• FIG. 5 is a logic flow diagram illustrating one embodiment of a method for removing ocular tissue from a localized portion of an eye during eye surgery.
  • DETAILED DESCRIPTION
  • The present disclosure describes an apparatus and method for removing ocular tissue from a localized portion of an eye during eye surgery using one or more shockwaves. In the context of cataract surgery, for example, the apparatus and method remove cataract tissue from the natural lens of an eye using one or more shockwaves. The apparatus and method deliver the one or more shockwaves to the tissue being removed with energy that is substantially focused on that tissue, thereby mitigating risk of damage to adjacent ocular tissue.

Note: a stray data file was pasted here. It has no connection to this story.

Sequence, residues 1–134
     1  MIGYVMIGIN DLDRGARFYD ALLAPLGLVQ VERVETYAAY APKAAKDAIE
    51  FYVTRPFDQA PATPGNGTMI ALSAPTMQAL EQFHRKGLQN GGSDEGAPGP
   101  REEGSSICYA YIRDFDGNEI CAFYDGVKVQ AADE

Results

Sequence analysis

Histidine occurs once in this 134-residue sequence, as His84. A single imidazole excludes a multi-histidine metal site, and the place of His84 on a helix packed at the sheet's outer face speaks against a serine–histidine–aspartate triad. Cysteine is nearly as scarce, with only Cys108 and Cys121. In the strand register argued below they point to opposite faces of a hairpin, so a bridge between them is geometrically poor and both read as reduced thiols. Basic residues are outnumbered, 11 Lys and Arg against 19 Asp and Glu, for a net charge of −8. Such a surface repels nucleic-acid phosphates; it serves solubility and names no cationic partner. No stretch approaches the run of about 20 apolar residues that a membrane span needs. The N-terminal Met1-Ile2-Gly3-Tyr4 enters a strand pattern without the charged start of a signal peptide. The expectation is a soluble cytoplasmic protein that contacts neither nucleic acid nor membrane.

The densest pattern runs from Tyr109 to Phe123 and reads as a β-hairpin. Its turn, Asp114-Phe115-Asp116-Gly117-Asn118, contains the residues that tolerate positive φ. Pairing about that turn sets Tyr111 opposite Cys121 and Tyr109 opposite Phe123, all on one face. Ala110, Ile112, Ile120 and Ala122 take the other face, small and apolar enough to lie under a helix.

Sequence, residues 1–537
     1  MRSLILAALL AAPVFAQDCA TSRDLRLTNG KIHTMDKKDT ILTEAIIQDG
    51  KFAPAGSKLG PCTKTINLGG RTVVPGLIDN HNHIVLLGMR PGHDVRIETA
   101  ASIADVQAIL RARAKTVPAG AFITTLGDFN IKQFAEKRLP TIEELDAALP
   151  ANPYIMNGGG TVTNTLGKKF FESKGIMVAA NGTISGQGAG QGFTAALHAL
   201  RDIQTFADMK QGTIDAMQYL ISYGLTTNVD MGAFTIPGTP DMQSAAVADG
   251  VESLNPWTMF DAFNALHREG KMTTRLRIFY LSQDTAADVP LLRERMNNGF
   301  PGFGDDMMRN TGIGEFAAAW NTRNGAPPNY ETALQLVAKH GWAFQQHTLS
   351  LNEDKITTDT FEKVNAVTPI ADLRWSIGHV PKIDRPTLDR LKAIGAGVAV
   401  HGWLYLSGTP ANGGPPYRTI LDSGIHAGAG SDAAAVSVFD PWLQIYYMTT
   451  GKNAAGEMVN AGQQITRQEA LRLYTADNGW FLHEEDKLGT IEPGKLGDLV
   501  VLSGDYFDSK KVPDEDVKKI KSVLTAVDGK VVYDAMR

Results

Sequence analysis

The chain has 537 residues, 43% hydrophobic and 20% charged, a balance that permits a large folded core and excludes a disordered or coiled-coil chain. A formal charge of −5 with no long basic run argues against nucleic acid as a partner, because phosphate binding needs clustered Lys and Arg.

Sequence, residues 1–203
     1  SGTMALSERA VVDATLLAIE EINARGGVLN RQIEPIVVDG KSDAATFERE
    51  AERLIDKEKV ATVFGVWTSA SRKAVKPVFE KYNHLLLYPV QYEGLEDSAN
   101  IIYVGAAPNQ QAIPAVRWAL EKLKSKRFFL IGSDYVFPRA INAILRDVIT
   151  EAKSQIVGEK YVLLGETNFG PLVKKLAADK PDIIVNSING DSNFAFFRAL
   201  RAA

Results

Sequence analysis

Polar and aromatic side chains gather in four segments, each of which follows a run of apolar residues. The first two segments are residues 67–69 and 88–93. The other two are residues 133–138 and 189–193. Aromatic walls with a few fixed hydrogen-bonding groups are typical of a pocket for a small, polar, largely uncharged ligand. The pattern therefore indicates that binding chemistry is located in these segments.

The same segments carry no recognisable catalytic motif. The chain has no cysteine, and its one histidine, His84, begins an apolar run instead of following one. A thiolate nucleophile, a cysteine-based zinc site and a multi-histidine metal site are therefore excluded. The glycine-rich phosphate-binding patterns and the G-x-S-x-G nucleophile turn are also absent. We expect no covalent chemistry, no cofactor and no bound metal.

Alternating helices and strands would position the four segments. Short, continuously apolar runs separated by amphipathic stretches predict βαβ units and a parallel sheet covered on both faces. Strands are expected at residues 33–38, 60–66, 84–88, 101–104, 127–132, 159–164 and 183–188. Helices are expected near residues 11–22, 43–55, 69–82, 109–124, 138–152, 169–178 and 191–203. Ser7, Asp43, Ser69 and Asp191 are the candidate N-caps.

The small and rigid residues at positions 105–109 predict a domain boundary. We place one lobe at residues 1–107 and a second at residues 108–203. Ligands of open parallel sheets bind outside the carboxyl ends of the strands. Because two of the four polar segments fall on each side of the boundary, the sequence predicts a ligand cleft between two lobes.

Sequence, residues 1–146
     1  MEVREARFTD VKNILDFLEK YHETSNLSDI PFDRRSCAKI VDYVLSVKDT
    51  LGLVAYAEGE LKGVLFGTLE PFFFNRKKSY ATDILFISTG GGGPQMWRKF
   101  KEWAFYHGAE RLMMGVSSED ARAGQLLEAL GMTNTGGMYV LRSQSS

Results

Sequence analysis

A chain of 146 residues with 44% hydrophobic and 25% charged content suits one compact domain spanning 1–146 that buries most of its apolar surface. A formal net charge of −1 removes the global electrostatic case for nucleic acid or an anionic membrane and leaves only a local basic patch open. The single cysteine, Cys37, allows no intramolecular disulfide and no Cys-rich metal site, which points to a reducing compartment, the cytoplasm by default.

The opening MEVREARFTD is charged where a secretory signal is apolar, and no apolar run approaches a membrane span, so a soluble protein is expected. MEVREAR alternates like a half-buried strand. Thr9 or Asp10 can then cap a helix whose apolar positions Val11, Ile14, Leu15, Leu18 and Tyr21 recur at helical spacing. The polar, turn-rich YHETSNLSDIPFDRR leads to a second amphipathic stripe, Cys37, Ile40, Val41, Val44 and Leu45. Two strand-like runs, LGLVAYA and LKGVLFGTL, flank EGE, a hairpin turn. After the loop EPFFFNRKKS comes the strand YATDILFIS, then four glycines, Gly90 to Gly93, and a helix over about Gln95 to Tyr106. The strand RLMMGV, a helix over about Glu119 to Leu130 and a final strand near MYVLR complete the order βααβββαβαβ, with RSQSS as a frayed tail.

• More particularly, one or more focused shockwaves are delivered using a high-intensity pulsed electric field (HIPEF) probe 110 shown in FIG. 1. The HIPEF probe 110 may be similar to that described in the Kovalcheck application (U.S. patent application Ser. No. 11/608,877), but is modified for removing other types of ocular tissue by alternatively or additionally delivering one or more focused shockwaves as described below. Regardless, the HIPEF probe 110 comprises a hollow probe needle 114 extending from a handle 120 to a probe needle tip 112, as well as an aspiration line 118 and a transmission line 124. FIG. 2 illustrates details of the probe needle 114 and probe needle tip 112. As shown in FIG. 2, at least one electrode 116 is exposed at the tip 112 and surrounds an aspiration lumen 122. The at least one electrode 116 is connected to the transmission line 124 for applying one or more generated electrical pulses and delivering the one or more focused shockwaves. The aspiration lumen 122 is connected to the aspiration line 118 for providing an aspiration pathway for ocular tissue disrupted by the one or more focused shockwaves.